There are certain houses that seem to hold within them an unusual power of gravity. The homes that, for generations, maintain the ability to attract, to pull family and friends together, even as they pass from one owner to another. The St. Cecilia neighborhood home of Bill and Julie Erickson, known affectionately as “The 808,” is one such house.
Julie explains: “This house was such a hub for the neighborhood for years before we owned it that it took on its own name. The beauty of this history of ‘The 808’ has been so endearing to our family, and we want to maintain that as best we can.”
Built in 1890, this Queen Anne wears its many years with style and grace. Its intimate rooms seem to radiate with the warmth of the countless lives that have filled the space over the years. Beautifully restored wood floors, rich lamp lighting throughout, and a bright, open kitchen contribute to an inviting, nurturing atmosphere.
“The big porch in front really sets the tone,” Bill notes. “You can fit a lot of people up there.”
“If that porch could talk!” Julie adds.
If it could, it would have much to say about the years it played host to generations of the Neary family, who owned the home for 40 years. It was in this era that the house earned its long-held name. The original Neary family of six children has since branched out to a sizable Omaha clan of many dozens. Today, they’re collectively known as “The Neary Nation.”
Ellen Neary, wife of Chuck Neary (one of the six children who grew up in the home), recalls the warm welcomes she received every time she came to visit her in-laws. “I can remember the feeling of driving down from our farm in northern Iowa and getting so excited as we drove closer, knowing all the faces waiting for us in the house.”
Ellen’s daughter, Shauna Hautzinger, has her own fond memories of time in the home. “I’ll always remember sleeping in the back bedroom, saying prayers with Grandma, looking up at the towers of [St. Cecilia] Cathedral.”
Since becoming owners, the Ericksons have hosted three groups of Nearys for tours of their old family home. “To us,” Julie says, “the Nearys are really the heart of this house. All the memories they built together. That’s the foundation.”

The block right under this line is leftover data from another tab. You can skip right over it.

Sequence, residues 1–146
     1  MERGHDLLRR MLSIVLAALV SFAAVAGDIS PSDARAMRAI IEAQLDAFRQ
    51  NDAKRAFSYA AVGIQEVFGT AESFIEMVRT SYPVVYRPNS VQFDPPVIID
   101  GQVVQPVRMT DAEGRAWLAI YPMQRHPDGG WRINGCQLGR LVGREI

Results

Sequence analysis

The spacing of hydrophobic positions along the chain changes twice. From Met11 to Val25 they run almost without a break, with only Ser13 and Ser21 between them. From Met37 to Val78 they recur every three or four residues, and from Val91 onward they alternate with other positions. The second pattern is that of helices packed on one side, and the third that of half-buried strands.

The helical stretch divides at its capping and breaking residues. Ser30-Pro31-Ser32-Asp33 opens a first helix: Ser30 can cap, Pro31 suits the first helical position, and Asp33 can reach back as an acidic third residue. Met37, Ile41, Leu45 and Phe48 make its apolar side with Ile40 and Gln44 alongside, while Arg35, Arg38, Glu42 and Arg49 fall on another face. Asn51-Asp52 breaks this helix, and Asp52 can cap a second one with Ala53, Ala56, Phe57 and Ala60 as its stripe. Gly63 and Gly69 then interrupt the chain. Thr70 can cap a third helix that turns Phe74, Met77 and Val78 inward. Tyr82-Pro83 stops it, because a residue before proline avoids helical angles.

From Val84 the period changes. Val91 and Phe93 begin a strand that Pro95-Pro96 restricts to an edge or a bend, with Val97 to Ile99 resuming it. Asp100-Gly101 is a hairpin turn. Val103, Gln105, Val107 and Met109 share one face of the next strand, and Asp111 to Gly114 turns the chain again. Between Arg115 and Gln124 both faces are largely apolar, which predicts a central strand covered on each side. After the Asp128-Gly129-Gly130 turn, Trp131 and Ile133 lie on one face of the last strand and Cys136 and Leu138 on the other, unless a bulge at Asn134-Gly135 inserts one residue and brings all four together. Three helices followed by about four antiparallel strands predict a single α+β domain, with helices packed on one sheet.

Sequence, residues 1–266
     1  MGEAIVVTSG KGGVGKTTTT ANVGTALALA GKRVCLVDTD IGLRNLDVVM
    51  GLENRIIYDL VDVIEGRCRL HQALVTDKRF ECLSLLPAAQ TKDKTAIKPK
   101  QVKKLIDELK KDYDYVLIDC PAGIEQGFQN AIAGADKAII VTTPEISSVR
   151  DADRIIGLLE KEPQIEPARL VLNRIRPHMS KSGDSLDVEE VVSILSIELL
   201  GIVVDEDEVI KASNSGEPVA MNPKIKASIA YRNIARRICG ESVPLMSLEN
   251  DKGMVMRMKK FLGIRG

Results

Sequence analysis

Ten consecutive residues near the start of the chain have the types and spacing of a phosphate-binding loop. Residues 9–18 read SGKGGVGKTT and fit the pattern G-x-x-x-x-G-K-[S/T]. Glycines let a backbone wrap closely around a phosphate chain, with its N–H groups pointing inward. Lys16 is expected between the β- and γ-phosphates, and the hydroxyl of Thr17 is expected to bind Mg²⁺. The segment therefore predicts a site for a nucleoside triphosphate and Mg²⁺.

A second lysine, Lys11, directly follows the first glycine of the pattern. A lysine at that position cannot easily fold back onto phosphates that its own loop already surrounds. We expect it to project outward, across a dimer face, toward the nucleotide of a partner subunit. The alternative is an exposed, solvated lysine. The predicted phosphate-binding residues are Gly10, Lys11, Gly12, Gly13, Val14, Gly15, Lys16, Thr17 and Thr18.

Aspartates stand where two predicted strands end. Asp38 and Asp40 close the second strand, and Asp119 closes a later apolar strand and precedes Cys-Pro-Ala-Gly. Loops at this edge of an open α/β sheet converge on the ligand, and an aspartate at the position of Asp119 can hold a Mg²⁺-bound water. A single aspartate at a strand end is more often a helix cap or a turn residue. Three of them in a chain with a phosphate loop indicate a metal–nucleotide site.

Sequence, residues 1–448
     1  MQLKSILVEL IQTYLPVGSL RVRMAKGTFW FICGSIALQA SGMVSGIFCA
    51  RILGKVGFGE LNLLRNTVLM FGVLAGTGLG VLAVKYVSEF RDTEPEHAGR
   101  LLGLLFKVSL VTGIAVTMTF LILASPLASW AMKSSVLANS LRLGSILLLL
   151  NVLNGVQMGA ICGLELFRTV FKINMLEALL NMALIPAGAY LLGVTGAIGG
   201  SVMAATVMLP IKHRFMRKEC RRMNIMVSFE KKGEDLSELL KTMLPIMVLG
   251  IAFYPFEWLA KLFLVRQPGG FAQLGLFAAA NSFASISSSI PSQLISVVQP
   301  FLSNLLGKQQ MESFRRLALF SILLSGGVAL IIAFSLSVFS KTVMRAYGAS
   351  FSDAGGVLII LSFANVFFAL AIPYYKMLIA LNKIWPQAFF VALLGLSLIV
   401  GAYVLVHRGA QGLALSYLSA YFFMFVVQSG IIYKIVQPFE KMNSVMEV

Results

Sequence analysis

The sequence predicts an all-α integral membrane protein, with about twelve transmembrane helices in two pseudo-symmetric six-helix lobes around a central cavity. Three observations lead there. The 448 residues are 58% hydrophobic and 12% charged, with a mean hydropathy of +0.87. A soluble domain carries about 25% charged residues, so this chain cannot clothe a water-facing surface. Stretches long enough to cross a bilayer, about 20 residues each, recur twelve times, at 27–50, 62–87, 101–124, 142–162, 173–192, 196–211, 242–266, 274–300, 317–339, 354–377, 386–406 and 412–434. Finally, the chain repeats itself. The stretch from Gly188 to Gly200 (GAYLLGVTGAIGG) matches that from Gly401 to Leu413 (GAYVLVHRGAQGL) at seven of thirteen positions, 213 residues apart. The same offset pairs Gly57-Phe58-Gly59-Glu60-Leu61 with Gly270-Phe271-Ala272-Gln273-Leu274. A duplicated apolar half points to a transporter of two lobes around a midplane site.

With this spirit in mind, the home’s interior feels ready for guests at any moment. Special touches, such as filled-to-the-brim candy dishes on nearly every side table, a fully stocked bar at the ready, and enough seating for a family of 30, mean that the home is set for gathering of loved ones any day or time.
“I love chairs!” Julie confesses. “They just come to me from all over.” Elegant exposed-wood seating—some from a funeral home formerly owned by Julie’s father—and colorfully upholstered pieces from estate sales or other family members provide each room with an eclectic warmth.
“I guess I’d describe my style as country French,” Julie says. “I love rich colors and wood. I’ve always had wood shutters made for each of our houses.”
Julie’s talent for design was established in her youth, during her years working directly under the guidance of Omaha interior designer Peg Boyle. “I got to go to all the buying trips to Chicago; and Hickory, North Carolina; and L.A. I was basically her protégée, and she taught me how to do all of this.”
While Julie’s eye is to the construction of distinct “vistas” throughout a space, it’s all framed by Bill’s passion for creating a precise color backdrop.
“At all of our houses throughout the years, no paint is off the shelf,” Julie notes. “It’s always a Bill Erickson creation.”
“I wouldn’t say it’s scientific, but it’s quite a process,” Bill says. “For this house, it took about four or five months to decide on the exterior color, painting a whole side of the house, watching the light hit it throughout the day, changing it slightly, mixing in a bit more white or green, trying again.”
Though Bill and Julie have been full-time residents only since December 2018, they’ve owned the home for more than 10 years now, having first rented it out to their college-age children, John and Jane, and their children’s peers.
“John was going to Creighton and we thought instead of paying all that rent, we could invest in a place ourselves,” Bill recalls. When daughter Jane finished high school (before moving to Chicago for school), it was her turn to hold the keys. Again, this meant several years of eager guests filling “The 808.” Late nights on the porch, conversations filling the kitchen, a body in every chair…
Throughout this time, refurbishing work was slow but continuous. Labor-intensive tasks, like pulling up kitchen linoleum “millimeter by millimeter” to reveal pine floors beneath, were done with an eye for maintaining the home’s original charm.
A love of real estate and an eye for design seem to be a shared genetic trait among the Ericksons. While many 20-somethings might look at their rental home merely as a crash pad, John and Jane were eager to contribute what they could to the home’s restored elegance in their several years as residents. What is now a lush backyard oasis, framed by the dramatic cathedral spires, is largely the fruit of plantings made years earlier by the Erickson children.
Today, the whole Erickson family has combined their shared love for architecture and design, working together as collaborative real estate agents in the Denton-Erickson group. “It’s in our blood,” says Julie with a smile. With a gem like “The 808” to call home, it’s easy to see why.
This article was printed in the November/December 2019 edition of OmahaHome. To receive the magazine, click here to subscribe.